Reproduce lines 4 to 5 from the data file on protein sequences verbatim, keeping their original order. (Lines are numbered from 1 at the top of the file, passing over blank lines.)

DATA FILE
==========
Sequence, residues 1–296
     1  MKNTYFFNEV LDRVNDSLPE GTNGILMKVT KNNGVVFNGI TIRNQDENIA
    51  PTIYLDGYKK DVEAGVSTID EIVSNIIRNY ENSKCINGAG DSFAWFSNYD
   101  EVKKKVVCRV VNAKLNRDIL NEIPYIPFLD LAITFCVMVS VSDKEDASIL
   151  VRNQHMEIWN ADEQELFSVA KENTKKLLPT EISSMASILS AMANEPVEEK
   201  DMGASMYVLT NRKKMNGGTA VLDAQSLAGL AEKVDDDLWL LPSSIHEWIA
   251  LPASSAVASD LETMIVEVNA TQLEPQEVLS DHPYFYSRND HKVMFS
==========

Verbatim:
   101  EVKKKVVCRV VNAKLNRDIL NEIPYIPFLD LAITFCVMVS VSDKEDASIL
   151  VRNQHMEIWN ADEQELFSVA KENTKKLLPT EISSMASILS AMANEPVEEK